Weekly News Review Archive

29th March, 2002

EU’s  Investment Bank financed Enron

“Our Mission is to further the objectives of the European Union by making long-term finance available for sound investment.”                      
“To receive our support, projects and programmes must be viable in four fundamental areas: economic, technical, environmental and financial. We appraise each investment project thoroughly and follow it through to completion.”                                 Mission Statement of the European Investment Bank
The recent report, Enron’s Pawns: How Public Institutions Bankrolled Enron’s Globalization Game from the Institute for Policy Studies (IPS) has revealed that Enron, the disgraced American company which recently declared bankruptcy amidst allegations of criminal wrongdoing, received $7,2 billion in public assistance for its global operations. A portion of that public assistance came from the financial arm of the European Union – the European Investment Bank (EIB).
“The IPS report proves what we have been pointing out for the last couple of years,” says Magda Stoczkiewicz, coordinator of the EIB: NO REFORM – NO MONEY! campaign. “The EIB is neither efficient nor does it truly fulfil EU objectives. It operates behind closed doors, without proper supervision, clear sectoral strategies or strict environmental standards.”
According to the IPS report, the EIB supported ENRON with the following loans: $493 million towards Enron’s investment in an Italian power plant and $60 million toward the Bolivia to Porto Alegre, Brazil gas pipeline. The Bank also provided indirect support for Enron when it approved a $78 million package for a 1000 MW power project in Santa Rita, Philippines. Enron was not a developer of that project, but it did hold the plant’s fuel supply contract. The EIB is also considering a $35 million contribution toward an electricity transmission system in Macedonia in which Enron has an interest.
  The fact that the EIB would have no problems with supporting ENRON clearly calls for a closer look at this institution and the manner in which it fulfils its goals. On February 7 of this year, more than 30 NGOs from all over Europe launched a campaign entitled, EIB: NO REFORM –
NO MONEY! They are linking the EIB’s request for a capital increase from the 15 EU member states with the implementation of necessary reforms in the areas of: public access to information; environmental standards; development mandate; supervision by EU institutions.
“I wonder which of the EU objectives the EIB thought they were fulfilling when they decided to support ENRON” says Stoczkiewicz, who adds, “and that’s without mentioning the  ‘sound investments’  which they are so proud of!”
  For more information go to www.bankwatch.org or this website
  Euro-squaddies set for Macedonia

EU defence ministers are planning to pursue an agreement with NATO which would lead to the Union’s first official military presence outside its borders. The plan, formulated at last week’s Council of Defence Ministers meeting in Zaragoza, is for an EU defence unit to take over the military alliance’s so-called “peacekeeping” operation during local elections scheduled for September, using NATO assets and equipment.  Before it can be implemented, however, permission will have to be forthcoming from both NATO and the Macedonian government, which could change hands in the forthcoming national poll. In addition, Greece will have to be persuaded to drop its objections.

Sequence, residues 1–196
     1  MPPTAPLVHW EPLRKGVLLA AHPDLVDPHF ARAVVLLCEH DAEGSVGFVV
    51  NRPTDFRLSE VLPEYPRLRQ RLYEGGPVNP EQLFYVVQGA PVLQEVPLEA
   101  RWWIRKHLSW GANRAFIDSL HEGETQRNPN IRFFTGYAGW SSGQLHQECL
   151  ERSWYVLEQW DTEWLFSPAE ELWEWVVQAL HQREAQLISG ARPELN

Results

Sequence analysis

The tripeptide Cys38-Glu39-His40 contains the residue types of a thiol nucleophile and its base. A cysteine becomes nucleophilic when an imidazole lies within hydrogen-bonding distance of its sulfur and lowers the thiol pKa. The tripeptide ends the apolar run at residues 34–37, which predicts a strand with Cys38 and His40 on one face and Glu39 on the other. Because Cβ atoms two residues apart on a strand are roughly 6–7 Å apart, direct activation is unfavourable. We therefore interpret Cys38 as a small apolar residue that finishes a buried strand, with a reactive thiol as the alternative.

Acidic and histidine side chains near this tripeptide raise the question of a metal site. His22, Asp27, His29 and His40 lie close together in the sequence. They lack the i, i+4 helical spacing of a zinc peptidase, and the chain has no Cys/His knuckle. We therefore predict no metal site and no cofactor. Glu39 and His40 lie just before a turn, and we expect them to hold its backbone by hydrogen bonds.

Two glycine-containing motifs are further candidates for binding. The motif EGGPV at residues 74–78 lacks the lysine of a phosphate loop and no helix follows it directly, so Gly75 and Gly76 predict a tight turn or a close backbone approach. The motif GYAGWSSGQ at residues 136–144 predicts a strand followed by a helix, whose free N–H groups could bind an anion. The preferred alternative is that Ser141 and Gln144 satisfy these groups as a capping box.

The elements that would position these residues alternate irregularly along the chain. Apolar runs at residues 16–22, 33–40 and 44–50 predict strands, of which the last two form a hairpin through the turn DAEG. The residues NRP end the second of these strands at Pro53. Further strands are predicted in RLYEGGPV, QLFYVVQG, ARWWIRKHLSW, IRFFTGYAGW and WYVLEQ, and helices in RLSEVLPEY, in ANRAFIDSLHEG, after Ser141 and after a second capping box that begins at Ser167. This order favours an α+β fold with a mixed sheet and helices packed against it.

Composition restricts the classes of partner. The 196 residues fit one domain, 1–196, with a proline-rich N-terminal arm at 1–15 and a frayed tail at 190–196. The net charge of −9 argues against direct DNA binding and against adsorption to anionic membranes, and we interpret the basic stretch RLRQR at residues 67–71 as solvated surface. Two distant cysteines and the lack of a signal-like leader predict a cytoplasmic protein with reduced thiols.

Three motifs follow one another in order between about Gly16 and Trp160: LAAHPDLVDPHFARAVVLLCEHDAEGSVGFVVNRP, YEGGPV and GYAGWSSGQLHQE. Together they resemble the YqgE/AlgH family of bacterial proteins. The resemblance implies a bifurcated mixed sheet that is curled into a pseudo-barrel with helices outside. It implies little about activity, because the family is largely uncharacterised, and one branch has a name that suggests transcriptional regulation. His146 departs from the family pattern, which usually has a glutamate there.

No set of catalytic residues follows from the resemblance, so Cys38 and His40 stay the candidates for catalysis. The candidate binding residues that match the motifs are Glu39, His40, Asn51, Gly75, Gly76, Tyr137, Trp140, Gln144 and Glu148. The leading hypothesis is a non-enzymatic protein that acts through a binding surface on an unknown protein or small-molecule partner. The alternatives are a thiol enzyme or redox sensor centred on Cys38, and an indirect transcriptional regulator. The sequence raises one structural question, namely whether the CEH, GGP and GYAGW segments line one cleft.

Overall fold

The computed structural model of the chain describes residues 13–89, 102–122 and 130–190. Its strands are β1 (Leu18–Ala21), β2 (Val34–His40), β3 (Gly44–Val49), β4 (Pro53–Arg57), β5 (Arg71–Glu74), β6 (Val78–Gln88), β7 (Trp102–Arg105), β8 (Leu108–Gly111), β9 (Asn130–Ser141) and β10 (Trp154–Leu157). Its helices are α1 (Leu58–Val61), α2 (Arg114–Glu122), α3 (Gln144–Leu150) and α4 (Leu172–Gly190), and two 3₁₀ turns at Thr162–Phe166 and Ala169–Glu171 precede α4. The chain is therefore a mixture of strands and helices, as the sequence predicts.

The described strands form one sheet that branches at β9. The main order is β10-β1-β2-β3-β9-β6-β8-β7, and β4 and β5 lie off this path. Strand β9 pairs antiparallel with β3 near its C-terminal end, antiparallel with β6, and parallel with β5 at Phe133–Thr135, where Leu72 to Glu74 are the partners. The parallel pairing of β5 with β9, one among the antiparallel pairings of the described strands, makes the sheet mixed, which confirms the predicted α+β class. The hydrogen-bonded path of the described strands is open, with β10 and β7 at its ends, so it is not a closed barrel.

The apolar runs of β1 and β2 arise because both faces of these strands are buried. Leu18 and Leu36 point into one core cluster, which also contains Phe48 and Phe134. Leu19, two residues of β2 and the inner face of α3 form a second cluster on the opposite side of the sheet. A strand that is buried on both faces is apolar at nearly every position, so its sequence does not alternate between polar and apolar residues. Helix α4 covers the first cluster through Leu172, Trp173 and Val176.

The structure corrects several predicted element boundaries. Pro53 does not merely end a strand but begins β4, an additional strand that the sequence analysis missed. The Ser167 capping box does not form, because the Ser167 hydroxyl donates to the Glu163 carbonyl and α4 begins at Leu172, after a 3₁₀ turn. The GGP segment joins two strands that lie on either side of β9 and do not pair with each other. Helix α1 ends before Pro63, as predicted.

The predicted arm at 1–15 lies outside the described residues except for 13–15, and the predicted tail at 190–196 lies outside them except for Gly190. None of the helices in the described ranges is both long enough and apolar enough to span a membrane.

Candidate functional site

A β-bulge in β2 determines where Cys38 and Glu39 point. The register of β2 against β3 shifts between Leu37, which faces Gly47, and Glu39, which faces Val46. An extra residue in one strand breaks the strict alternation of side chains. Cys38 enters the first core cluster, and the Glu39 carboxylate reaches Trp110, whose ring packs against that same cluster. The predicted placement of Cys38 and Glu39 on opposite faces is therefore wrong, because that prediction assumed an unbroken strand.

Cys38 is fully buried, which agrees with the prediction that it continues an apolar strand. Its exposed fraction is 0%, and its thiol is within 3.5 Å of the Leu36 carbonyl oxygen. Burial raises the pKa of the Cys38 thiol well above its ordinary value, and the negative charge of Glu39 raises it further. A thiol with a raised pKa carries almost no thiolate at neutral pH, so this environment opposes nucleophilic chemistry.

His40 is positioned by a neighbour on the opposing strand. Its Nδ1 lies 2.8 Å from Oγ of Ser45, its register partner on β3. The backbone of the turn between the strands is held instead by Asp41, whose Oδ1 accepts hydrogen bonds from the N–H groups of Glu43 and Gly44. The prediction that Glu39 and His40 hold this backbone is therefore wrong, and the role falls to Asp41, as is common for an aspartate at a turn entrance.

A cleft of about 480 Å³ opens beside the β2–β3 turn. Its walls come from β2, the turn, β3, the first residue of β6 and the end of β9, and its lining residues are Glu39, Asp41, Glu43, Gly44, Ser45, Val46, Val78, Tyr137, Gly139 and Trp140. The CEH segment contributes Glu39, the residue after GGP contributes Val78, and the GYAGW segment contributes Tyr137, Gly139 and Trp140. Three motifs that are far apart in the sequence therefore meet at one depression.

The plan forms part of the Union’s increasingly open militarisation. June’s EU Council in Seville is expected to announce plans to insert the European Union Rapid Reaction Force in the Bush junta’s bogus fight against terrorism.  No empire was ever built without an army, and the EU’s will be no exception, with plans under discussion to develop common military capacity through the European Capabilities Action Plan.

More allegations against Santer Commission: OLAF investigates

The European Anti-Fraud Office (OLAF) is to conduct an internal investigation concerning a leak of confidential information concerning a dossier of revelations by Paul van Buitenen, the man who liberated fifteen countries from the ludicrous antics of the Santer-led Commission. The Commission reacted to van Buitenen’s revelations of corruption, waste and incompetence initially by trying to bully him into silence, but in the end by doing the best day’s work it had ever accomplished – resigning en masse.

Last August the Dutch Commission official sent a further dossier to OLAF, containing 234 pages, with a further 5000 pages of supporting material giving detailed information on 270 cases of fraud and other irregularities. In response, OLAF opened four investigations, each into events under the Santer Commission.

  D espite strict EU rules concerning the secrecy of investigations, the report and other documents have been leaked to the press. Mr van Buitenen denies any involvement in this, and suspicions have arisen that another Commission employee may have sold the papers to a journalist.